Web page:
Tag Archives: development

How To Mine Twitter Streams from PHP in Real Time

UPDATE: I’ve wrote a new post with an example on how to connect to the v1.1 Twitter API, using OAuth – here.

Need to mine Twitter for tweets related to certain keywords?

No problem-

Twitter provides a pretty simple streaming interface to the onslaught of tweets it receives, letting you specify whatever keywords you want to search for, in a real-time “live” way.

To do this, I created a simple PHP class that can run in the background, collecting tweets for certain keywords:


class ctwitter_stream
    private $m_username;
    private $m_password;

    public function __construct()
        // set a time limit to unlimited

    // set the login details
    public function login($_username, $_password)
        $this->m_username = $_username;
        $this->m_password = $_password;

    // process a tweet object from the stream
    private function process_tweet(array $_data)

        return true;

    // the main stream manager
    public function start(array $_keywords)
            $fp = fsockopen("ssl://stream.twitter.com", 443, $errno, $errstr, 30);
            if (!$fp)
                echo "ERROR: Twitter Stream Error: failed to open socket";
            } else
                // build the request
                $request  = "GET /1/statuses/filter.json?track=";
                $request .= urlencode(implode($_keywords, ',')) . " HTTP/1.1\r\n";
                $request .= "Host: stream.twitter.com\r\n";
                $request .= "Authorization: Basic ";
                $request .= base64_encode($this->m_username . ':' . $this->m_password);
                $request .= "\r\n\r\n";

                // write the request
                fwrite($fp, $request);

                // set it to non-blocking
                stream_set_blocking($fp, 0);

                    $read   = array($fp);
                    $write  = null;
                    $except = null;

                    // select, waiting up to 10 minutes for a tweet; if we don't get one, then
                    // then reconnect, because it's possible something went wrong.
                    $res = stream_select($read, $write, $except, 600, 0);
                    if ( ($res == false) || ($res == 0) )

                    // read the JSON object from the socket
                    $json = fgets($fp);
                    if ( ($json !== false) && (strlen($json) > 0) )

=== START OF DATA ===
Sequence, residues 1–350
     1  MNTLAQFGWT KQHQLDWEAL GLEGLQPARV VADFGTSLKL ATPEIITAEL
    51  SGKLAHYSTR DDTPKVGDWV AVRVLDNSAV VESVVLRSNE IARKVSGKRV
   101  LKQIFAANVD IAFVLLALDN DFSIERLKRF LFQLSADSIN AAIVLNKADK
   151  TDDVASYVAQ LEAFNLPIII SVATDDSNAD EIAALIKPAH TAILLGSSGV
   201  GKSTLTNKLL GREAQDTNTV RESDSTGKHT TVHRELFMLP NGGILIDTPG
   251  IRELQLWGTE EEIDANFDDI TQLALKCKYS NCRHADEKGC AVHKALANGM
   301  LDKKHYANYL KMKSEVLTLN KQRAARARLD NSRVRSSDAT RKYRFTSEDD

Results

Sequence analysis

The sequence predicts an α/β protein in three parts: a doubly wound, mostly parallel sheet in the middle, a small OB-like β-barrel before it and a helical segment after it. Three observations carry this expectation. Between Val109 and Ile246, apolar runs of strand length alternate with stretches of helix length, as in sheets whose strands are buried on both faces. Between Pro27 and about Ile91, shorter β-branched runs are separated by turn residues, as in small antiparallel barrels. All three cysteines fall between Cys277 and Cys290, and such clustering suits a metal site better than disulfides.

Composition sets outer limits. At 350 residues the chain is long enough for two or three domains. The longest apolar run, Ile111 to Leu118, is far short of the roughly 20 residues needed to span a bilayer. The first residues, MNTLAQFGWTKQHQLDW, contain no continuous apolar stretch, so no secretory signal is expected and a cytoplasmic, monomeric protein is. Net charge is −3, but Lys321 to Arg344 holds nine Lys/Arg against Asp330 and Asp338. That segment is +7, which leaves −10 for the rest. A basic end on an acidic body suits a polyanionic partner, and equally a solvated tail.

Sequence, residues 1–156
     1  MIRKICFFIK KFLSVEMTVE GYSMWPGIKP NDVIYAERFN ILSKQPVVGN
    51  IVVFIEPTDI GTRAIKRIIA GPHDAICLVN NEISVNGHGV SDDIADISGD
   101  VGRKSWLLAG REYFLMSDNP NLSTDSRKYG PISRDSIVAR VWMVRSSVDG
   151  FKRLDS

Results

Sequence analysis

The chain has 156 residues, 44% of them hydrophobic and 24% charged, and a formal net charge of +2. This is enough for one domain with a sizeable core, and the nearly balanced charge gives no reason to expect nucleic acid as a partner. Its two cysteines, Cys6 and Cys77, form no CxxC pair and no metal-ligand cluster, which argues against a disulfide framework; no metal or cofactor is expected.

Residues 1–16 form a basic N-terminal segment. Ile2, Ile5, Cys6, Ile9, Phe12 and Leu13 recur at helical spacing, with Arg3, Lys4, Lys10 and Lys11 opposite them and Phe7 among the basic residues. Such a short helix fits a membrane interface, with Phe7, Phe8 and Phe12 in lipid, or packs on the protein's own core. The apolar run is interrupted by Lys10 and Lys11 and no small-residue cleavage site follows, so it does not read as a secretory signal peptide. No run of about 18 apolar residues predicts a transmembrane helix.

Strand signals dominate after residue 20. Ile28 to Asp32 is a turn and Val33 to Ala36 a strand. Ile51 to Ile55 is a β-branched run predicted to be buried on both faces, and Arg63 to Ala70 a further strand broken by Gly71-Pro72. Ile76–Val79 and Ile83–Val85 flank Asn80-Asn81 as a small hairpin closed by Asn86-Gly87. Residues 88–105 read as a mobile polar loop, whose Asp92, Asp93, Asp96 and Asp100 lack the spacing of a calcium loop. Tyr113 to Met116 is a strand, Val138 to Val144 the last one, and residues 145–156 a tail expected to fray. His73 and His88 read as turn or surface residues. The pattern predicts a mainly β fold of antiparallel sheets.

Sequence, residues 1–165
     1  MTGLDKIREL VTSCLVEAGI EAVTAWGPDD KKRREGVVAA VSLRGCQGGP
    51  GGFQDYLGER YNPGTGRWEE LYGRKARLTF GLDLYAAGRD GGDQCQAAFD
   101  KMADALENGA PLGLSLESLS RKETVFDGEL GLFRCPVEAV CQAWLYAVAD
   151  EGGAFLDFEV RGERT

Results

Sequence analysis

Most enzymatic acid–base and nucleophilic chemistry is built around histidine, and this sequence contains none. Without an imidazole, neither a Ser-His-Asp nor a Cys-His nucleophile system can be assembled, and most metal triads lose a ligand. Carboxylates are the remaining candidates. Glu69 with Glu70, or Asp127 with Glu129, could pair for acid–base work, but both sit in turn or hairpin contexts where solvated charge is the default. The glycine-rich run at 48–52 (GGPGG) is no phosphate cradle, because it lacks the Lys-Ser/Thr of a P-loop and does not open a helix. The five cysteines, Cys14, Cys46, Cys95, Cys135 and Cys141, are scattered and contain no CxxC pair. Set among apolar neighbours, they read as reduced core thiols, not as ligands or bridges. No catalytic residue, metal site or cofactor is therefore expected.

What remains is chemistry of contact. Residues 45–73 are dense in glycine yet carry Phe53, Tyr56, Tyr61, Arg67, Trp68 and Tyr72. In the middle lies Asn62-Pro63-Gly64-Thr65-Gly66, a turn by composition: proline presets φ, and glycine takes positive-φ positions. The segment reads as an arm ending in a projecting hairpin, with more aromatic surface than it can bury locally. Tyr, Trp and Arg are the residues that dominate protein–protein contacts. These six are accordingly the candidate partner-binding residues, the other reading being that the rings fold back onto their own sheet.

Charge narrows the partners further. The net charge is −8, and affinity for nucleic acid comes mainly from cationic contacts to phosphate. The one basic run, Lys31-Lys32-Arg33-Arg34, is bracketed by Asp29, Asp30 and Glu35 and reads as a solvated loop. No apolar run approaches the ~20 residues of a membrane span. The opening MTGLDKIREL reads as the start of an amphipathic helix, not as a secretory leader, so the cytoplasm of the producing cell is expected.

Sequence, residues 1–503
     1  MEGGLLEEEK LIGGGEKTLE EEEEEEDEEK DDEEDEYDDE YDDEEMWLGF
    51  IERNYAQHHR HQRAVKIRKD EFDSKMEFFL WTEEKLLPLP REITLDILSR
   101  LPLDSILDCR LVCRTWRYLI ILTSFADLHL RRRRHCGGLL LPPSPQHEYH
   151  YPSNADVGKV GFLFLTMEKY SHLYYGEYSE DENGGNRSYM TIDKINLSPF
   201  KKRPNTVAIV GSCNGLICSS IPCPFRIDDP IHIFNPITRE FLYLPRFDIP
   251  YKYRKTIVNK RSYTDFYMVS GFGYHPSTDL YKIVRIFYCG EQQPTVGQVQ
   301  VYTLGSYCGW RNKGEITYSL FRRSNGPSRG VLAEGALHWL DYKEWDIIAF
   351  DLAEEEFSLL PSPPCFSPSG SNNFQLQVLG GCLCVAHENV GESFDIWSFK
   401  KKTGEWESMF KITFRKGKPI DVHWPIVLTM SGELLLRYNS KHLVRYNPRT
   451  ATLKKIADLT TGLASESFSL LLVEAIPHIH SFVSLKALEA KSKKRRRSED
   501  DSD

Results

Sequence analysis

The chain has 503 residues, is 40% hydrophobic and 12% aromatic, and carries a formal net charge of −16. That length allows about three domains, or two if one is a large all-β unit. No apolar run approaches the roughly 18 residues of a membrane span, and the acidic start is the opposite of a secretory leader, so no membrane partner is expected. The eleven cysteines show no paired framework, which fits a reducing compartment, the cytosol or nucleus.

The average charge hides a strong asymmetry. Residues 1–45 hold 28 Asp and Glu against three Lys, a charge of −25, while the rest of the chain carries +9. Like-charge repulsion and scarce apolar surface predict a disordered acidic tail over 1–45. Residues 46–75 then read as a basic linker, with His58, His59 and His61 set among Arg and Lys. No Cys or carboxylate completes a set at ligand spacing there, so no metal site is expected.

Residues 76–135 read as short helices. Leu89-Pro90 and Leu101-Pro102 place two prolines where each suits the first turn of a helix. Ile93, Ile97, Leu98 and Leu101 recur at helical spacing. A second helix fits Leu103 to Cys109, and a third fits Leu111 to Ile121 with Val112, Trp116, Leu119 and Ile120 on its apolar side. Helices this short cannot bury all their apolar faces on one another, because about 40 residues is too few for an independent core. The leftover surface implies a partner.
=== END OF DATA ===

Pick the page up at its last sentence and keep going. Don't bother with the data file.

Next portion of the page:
// decode the socket to a PHP array
                        $data = json_decode($json, true);
                        if ($data)
                            // process it



The “process_tweet()” method will be called for each matching tweet- just modify that method to process the tweet however you want (load it into a database, print it to screen, email it, etc). The keyword matching isn’t perfect- if you search for a string of words, it won’t necessarily match the words in that exact order, but you can check that yourself from the process_tweet() method.

Then create a simple PHP application to run the collector:

require 'ctwitter_stream.php';

$t = new ctwitter_stream();

$t->login('your twitter username', 'your twitter password');

$t->start(array('facebook', 'fbook', 'fb'));

Just provide your twitter account username/password, and then an array of keywords/strings to search for.

Since this application runs continuously in the background, it’s obviously not meant to be run via a web request, but meant to be run from the command line of your Unix or Windows box.

According to the Twitter documentation, the default access level allows up to 400 keywords, so you can track all sorts of things at the same time. If you need more details about the Twitter streaming API, it’s available here.

This class uses the HTTPS PHP stream– so you’ll need the OpenSSL extension enabled for it to work.

Automatic Dial Resource Fail-over in Asterisk

Asterisk is generally pretty reliable, but termination providers aren’t always so good; in a market where anybody can re-sell an upstream provider, or setup a few Asterisk boxes and start routing calls for people, it’s generally a good idea to have a “backup” provider (or three) to route your calls through.